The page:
Science Fair Project Encyclopedia
Like many mortal women in Greek mythology, Deianira (also Deianeira) occupied a perilous threshold position between the daylit world of Olympian gods and heroes and the dark chthonic primordial world of primitive earth magic.
She was the daughter of Althaea and Oeneus ('wine-man' and thus civilized), the king of Calydon, and the sister of Meleager. However, according to R. Graves, her father was in fact Dionysus. Her father betrothed her to the fearsome river god Achelous, horned and bull-like. Now Deianira was no passive blushing princess. "This Deianira drove a chariot and practised the art of war", noted Apollodorus (Library and Epitome, book i, 8:1) But she wanted nothing to do with her suitor, who was able to take the form of a sepent or a bull. Heracles, the greatest hero of the dawning Olympian world of gods and men, had to defeat the river god to win her as his bride.
Deianira's own struggle with the chthonic forces was not over. Later, a wild centaur named Nessus attempted to kidnap Deianira as he was ferrying her across the river Evenus, but she was rescued by Heracles, who shot the centaur with a poisoned arrow. As he lay dying, Nessus lied to Deianira, telling her that a mixture of the semen that he had dropped on the ground and his heart's blood would ensure that Heracles would love her forever. Deianira believed his words and kept a little of the potion by her. Heracles fathered illegitimate children all across Greece. When she became uncertain if Heracles would remain true to her in his fashion, Deianira smeared some of the blood on Heracles' famous hide shirt. Heracles' servant, Lichas, brought him the shirt and he put it on. The centaur's toxic blood killed Heracles. In despair, Deianira committed suicide.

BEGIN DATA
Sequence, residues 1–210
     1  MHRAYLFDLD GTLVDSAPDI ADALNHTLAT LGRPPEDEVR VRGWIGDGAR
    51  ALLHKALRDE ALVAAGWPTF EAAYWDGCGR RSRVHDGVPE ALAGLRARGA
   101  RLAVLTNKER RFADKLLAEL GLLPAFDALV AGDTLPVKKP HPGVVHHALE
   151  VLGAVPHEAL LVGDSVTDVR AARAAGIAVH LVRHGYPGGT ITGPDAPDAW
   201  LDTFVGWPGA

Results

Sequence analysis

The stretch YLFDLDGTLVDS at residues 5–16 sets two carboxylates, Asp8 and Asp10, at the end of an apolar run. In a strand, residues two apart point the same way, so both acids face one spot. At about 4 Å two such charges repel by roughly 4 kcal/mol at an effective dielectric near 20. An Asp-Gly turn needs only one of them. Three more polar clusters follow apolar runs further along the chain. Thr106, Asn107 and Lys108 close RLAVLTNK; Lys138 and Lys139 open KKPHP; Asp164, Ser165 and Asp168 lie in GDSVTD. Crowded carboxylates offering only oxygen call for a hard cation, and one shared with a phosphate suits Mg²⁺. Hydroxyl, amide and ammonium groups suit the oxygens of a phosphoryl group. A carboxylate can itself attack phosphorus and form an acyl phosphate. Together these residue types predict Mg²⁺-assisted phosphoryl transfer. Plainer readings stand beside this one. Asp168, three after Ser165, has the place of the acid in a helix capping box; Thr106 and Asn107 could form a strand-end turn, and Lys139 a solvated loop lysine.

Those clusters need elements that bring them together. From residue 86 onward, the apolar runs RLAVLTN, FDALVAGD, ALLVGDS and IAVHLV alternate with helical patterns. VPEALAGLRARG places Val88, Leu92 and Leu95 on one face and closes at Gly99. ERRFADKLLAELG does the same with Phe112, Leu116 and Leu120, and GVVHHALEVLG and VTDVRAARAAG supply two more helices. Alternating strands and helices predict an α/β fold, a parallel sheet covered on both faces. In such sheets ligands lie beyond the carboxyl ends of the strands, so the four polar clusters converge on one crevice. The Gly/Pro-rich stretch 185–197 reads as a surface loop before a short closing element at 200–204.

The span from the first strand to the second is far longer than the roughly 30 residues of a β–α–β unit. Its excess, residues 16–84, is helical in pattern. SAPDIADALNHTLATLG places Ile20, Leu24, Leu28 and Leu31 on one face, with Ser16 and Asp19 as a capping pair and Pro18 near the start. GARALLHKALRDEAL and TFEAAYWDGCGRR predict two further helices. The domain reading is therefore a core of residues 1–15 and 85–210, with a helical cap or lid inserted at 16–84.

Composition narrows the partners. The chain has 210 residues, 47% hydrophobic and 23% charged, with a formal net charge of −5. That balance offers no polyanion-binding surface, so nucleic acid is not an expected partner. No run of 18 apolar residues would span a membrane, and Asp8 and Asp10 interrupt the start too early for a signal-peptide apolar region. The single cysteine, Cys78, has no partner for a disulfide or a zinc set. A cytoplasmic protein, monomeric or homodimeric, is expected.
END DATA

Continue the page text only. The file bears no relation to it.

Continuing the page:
- Harry Thurston Peck, Harper's Dictionary of Classical Antiquities, 1898
- Robert Graves, The Greek Myths, 1955
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